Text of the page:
Stocks & Shares

Online Trading – A Warning!

Avoiding the Pitfalls of Online Trading, a guide by US-CERT


Online trading can be an easy, cost-effective way to manage investments. However, online investors are often targets of scams, so take precautions to ensure that you do not become a victim.

What is online trading?

Online trading allows you to conduct investment transactions over the internet. The accessibility of the internet makes it possible for you to research and invest in opportunities from any location at any time. It also reduces the amount of resources (time, effort, and money) you have to devote to managing these accounts and transactions.

What are the risks?

Recognizing the importance of safeguarding your money, legitimate brokerages take steps to ensure that their transactions are secure. However, online brokerages and the investors who use them are appealing targets for attackers. The amount of financial information in a brokerage’s database makes it valuable; this information can be traded or sold for personal
profit. Also, because money is regularly transferred through these accounts, malicious activity may not be noticed immediately. To gain access to these databases, attackers may use Trojan horses or other types of malicious code.

Attackers may also attempt to collect financial information by targeting the current or potential investors directly. These attempts may take the form of social engineering or phishing attacks (see Avoiding Social Engineering and Phishing Attacks for more information). With methods that include setting up fraudulent investment opportunities or redirecting users to malicious sites that appear to be legitimate, attackers try to convince you to provide them with financial information that they can then use or sell. If you have been victimized, both your money and your identity may be at risk.

How can you protect yourself?

  • Research your investment opportunities – Take advantage of resources such as the U.S. Securities and Exchange Commission’s EDGAR database and your state’s securities commission (found through the North American Securities (more…)

e-Gold indicted on money-laundering charges

e-Gold, in Melbourne, Florida issued the following shock announcement on their website.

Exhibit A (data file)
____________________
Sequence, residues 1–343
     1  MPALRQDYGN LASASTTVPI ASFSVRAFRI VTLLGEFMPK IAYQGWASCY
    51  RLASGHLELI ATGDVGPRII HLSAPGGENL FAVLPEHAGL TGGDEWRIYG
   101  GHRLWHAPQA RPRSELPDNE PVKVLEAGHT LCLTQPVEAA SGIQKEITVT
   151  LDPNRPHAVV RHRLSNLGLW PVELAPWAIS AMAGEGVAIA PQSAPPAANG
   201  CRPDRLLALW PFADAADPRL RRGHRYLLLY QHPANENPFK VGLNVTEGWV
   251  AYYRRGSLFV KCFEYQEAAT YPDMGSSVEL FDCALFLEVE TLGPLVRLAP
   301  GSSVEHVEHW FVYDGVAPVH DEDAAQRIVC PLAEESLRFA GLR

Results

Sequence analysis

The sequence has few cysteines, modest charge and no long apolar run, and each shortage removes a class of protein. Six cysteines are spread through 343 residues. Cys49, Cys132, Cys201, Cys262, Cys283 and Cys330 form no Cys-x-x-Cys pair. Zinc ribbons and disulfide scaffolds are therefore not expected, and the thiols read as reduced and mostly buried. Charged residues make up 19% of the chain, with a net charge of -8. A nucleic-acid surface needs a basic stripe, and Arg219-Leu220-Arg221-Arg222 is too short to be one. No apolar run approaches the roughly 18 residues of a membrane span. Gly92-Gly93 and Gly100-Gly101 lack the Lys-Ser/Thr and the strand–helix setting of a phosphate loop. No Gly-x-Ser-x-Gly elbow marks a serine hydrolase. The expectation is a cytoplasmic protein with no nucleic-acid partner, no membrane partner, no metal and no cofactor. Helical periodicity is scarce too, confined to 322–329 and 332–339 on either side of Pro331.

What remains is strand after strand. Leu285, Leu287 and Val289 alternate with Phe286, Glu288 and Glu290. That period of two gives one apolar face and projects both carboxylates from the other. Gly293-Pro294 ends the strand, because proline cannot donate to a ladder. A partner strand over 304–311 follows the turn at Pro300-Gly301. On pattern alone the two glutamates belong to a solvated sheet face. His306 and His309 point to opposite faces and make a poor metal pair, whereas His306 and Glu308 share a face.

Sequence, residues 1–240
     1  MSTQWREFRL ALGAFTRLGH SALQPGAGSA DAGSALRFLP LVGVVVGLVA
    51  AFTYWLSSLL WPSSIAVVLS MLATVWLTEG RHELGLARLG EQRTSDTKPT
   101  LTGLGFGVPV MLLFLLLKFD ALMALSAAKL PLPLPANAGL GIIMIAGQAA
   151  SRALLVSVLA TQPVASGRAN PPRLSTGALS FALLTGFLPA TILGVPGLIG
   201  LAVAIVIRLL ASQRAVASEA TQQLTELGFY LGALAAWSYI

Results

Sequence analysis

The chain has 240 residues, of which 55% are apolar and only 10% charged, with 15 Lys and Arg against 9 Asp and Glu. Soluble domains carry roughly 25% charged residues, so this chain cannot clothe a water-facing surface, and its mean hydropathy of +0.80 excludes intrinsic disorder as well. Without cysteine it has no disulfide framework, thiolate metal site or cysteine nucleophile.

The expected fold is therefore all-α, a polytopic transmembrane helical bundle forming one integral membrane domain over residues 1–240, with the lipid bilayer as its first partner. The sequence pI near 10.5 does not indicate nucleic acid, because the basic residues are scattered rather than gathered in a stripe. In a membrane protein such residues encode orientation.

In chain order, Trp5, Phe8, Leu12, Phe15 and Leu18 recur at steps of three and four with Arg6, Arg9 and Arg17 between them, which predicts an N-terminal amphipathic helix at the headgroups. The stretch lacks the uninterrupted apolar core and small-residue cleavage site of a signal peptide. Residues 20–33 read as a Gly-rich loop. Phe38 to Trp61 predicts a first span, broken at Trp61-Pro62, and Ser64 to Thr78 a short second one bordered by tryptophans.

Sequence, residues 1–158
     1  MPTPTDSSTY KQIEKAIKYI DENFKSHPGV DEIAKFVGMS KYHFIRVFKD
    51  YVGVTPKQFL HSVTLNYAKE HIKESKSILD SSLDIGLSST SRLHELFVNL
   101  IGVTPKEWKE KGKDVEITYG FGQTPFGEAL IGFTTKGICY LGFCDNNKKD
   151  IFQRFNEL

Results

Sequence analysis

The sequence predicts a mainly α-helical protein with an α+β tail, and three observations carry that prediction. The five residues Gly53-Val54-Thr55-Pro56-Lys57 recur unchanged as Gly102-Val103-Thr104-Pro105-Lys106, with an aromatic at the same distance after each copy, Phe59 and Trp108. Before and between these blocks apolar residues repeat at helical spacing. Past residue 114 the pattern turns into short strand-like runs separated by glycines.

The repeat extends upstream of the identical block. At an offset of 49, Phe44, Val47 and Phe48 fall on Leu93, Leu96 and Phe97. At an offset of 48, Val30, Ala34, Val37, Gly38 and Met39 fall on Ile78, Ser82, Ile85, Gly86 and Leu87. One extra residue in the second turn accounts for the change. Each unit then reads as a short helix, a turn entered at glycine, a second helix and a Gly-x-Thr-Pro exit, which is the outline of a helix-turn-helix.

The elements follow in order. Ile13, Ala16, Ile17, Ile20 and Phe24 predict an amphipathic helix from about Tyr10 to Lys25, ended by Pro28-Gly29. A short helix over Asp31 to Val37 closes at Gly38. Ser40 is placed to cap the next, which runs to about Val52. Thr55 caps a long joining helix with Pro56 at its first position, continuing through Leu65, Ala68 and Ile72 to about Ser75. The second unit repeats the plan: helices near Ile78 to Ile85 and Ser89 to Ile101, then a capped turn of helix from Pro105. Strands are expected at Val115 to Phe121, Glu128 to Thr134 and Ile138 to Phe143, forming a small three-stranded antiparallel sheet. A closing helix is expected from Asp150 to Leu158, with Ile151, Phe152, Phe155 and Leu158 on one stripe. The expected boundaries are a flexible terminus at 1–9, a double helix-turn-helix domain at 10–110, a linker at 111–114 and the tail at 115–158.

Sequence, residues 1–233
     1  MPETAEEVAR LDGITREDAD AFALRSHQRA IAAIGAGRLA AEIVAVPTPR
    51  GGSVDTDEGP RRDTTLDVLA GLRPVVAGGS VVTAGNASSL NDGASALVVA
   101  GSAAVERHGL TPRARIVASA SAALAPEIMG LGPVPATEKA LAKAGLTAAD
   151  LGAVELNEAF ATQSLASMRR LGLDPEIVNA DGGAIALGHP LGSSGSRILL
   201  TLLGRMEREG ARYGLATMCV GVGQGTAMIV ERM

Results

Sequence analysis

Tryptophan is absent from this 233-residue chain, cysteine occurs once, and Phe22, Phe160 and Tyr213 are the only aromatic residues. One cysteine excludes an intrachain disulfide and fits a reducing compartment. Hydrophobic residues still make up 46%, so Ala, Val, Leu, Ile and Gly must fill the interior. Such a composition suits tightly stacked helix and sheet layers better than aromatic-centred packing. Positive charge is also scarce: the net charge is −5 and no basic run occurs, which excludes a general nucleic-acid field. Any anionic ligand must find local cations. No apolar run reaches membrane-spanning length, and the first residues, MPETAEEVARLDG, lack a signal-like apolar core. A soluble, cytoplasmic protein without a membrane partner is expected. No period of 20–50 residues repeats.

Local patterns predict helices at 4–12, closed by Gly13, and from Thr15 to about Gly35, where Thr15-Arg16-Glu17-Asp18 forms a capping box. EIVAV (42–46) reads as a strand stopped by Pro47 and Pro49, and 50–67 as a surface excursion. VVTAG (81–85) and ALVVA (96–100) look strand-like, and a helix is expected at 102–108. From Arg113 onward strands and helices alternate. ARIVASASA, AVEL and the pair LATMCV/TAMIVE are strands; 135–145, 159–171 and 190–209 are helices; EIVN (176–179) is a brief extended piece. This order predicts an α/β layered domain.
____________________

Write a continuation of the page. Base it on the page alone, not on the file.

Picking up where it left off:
“On April 24, 2007, a Federal Grand Jury handed down an indictment charging e-gold Ltd., Gold & Silver Reserve, Inc., and the Directors of both companies with money laundering, operating an unlicensed money transmitter business, and conspiracies to commit both offenses.”

If half of what they claim is correct, they are being subjected to overreaching and unfair treatment by the US Justice Department. Obviously this is a legal area that challenges the most experienced legal & financial minds and breaks new ground on long-founded laws, designed to deal with bricks and mortar institutions (banks) and bricks of actual gold.

They go on to claim that their security measures are more stringent than those of banks, and that as they only ever accept bank-to-bank transfers (no cash or check operations), they cannot be accused of money laundering as no money is involved.

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Pump & Dump Spam Scam gets action

Pump and Dump ImageIn their biggest strike ever against online investment scams, US regulators on Thursday shut down trading in 35 over-the-counter stocks that have been the subject of spam e-mails touting their investment potential.

Christopher Cox, the Securities and Exchange Commission chairman, estimated that more than 100m stock-touting e-mails are sent each week.

The majority are pump-and-dump schemes in which stock promoters buy penny stocks and try to resell them to gullible investors at higher prices. The most successful campaigns can significantly move stock prices.

My honeypot email accounts attract way too many of these emails. The quality of the spam machinery for distributing and creating these emails is very high which shows that the scam is working and making someone a lot of money.

Pump and Dump ImageTo you and me, the ‘pump and dump’ spam emails just look like poor quality mages (See inset) in a misleading email message and subject but there’s a good reason the image is ‘grainy’. It’s to disguise the digital fingerprint of the image, making it all but impossible to identify them with anti-spam software.

According to the SEC website, you can forward any of these emails you get direct to them for investigation: